I don’t think I thank my mom enough. Sometimes I take her for granted. Sometimes I get frustrated when she puts so many restrictions on me. growing up has made me realize that she does those things because she has good intentions and she has my best interests at heart. I feel bad when I don’t show her my appreciation as much as I should. She […] View
the emotions in these poem are described in a cool way. you mention things that id never ever think to include in a poem. I like how each poem was addressed to you but the feel of each one was significantly different.
I enjoyed this poem its kind of like self reflection self identity type of stuff. Im always asking if I could introduce myself to my own self because I feel like there’d be more things to realize that way. Its a different perspective.
I can completely agree with you on everything you said my parents love Ozzy’s thats our go too when we are sick of everything else. They always know how to make you feel comfortable and its like you’re at home almost. The food never disappoints us and its just a good environment to be in overall.
Creating a poem around something you’ve been able to experience with one group for four years is crazy beautiful and amazing its inspirational. I like how the poem represent something you’re leaving but you’ll never leave it for good.
I think having inner conflicts with yourself is the hardest thing to over come. I find myself being torn between my heart and mind. I know the voice in my head can be neglected when it comes to confronting issues
This is a youth-powered publishing platform that was started in 2003 by a group of teachers from local sites of the National Writing Project.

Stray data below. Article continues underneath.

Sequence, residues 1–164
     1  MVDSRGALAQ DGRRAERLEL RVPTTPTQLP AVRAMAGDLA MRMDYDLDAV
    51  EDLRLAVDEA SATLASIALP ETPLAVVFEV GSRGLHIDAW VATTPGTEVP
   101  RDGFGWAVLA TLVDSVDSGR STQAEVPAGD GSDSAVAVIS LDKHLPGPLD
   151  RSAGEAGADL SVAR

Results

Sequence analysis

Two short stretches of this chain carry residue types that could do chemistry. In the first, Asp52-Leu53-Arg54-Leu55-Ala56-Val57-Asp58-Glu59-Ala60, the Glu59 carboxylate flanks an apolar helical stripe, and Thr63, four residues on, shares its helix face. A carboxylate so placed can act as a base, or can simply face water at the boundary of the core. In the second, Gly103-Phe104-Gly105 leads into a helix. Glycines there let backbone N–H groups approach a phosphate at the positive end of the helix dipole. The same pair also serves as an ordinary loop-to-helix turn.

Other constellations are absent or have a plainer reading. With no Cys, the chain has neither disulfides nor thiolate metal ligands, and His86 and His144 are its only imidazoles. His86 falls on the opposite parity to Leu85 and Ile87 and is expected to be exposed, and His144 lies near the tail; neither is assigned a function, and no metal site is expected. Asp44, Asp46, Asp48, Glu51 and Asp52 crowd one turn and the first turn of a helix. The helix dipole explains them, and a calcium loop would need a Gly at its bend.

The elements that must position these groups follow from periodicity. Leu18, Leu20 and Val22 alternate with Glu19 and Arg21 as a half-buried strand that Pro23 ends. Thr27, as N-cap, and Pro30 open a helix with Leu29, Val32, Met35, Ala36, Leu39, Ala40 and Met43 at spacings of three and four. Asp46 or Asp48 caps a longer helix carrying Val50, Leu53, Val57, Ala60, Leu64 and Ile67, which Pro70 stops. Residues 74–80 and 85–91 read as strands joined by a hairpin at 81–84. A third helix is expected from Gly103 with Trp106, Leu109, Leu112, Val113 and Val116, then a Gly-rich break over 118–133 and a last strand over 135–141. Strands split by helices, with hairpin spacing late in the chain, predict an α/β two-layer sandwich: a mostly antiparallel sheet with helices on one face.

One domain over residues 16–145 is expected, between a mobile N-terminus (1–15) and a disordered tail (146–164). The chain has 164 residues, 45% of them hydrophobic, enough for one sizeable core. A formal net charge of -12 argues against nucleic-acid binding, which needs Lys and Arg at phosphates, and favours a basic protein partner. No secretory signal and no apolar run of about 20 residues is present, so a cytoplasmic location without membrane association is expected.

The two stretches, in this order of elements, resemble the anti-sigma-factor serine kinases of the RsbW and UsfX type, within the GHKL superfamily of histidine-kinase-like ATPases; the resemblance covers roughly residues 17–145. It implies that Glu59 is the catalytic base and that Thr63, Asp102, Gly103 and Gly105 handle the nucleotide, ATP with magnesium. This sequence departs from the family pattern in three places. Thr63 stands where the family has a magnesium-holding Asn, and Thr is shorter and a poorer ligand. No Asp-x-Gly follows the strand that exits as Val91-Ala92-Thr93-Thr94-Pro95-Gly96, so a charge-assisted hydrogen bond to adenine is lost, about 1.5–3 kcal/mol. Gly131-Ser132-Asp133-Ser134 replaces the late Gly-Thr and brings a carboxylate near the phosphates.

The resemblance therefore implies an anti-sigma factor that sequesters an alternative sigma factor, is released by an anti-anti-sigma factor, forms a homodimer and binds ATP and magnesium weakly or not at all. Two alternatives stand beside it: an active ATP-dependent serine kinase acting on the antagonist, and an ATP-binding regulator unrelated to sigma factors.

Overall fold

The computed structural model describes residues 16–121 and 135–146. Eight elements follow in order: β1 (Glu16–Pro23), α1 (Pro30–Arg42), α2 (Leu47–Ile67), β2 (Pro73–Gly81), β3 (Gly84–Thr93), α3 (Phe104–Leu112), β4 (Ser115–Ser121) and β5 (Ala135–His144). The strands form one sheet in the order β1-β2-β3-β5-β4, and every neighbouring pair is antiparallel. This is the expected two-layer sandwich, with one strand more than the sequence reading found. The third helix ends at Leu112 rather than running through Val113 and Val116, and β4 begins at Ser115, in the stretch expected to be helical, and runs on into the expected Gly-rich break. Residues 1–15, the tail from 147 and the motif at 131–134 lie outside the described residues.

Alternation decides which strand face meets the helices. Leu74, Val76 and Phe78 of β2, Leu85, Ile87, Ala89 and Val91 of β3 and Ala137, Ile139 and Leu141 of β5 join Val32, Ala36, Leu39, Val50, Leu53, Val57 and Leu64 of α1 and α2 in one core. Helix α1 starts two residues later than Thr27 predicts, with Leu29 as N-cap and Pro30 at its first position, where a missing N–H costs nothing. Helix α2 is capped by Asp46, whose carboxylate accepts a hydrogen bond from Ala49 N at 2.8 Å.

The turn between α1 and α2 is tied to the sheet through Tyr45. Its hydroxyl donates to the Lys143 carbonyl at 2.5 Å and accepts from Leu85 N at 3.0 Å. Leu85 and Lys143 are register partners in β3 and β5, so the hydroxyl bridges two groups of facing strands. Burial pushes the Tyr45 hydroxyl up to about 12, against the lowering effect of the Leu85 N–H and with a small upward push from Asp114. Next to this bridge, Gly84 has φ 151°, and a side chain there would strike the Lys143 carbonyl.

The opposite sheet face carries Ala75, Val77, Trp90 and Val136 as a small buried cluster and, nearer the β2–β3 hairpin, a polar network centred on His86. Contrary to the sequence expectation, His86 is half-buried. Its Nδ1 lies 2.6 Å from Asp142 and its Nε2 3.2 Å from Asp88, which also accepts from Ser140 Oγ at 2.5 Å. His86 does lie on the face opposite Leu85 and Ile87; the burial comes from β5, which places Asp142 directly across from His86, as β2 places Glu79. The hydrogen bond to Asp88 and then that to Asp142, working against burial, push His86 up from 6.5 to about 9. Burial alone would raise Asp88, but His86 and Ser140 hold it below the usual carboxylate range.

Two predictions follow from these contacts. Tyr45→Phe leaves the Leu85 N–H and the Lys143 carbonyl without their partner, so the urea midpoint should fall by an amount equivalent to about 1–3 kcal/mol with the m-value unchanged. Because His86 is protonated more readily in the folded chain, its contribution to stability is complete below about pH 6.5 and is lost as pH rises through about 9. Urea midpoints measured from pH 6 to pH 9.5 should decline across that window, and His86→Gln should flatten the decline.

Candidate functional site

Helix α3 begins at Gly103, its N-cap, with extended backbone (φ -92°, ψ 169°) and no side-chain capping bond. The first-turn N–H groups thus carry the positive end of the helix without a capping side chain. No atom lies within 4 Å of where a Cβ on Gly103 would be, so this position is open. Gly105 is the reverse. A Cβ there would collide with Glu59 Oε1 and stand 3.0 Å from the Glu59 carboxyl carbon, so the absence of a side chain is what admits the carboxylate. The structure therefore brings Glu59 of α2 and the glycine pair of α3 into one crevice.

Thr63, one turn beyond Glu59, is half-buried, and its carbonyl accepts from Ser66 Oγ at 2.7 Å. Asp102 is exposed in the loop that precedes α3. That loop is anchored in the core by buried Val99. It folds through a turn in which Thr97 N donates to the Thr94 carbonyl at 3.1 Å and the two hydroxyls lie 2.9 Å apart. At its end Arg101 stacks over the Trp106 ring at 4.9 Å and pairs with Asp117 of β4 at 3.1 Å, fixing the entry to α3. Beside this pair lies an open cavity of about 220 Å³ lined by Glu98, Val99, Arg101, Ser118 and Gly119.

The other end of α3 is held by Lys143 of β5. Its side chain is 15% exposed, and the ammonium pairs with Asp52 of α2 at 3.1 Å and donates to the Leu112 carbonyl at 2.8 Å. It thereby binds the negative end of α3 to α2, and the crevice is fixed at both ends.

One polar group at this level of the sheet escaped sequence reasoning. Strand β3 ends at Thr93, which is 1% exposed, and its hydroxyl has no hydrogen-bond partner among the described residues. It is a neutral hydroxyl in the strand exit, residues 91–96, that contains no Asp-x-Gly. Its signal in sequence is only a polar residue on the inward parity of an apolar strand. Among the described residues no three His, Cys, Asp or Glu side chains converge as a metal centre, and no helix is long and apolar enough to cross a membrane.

We merged several earlier blogging projects. We have found that there are many advantages to bringing students together in one site that lives beyond any particular class. It’s easier for individual students to read and write about their own passions, to connect with other students, comment on each other’s work, and create multimedia posts for each other. Further, it’s been exciting for us to pool our knowledge about curriculum, connected learning, and digital literacies.
There are over 8,000 posts and over 13,000 comments by young people on the site on topics as diverse as the American Dream, Shakespeare, and sports as well as original poems and stories.
Youth Voices is a platform for youth to write about their interests, both in school and outside of school: what they are reading, what their hobbies or future careers might be, what they enjoy in their spare time. Like all of us, students follow our national leadership and form opinions. They are also welcome to write about those topics as well.
Youth Voices is fully non-partisan and welcomes youth of all types, from all regions, and with all viewpoints. Educators support youth in writing and thoughtfully responding to each other through the use of commenting guides, using tags to show common interests, playlists to support self-guided inquiry; opinions expressed by writers are their own.
If being part of such a community makes sense to you, we invite you to join us. We welcome all youth and any teacher interested in having students publish online and participate in the give and take of a social network like Youth Voices.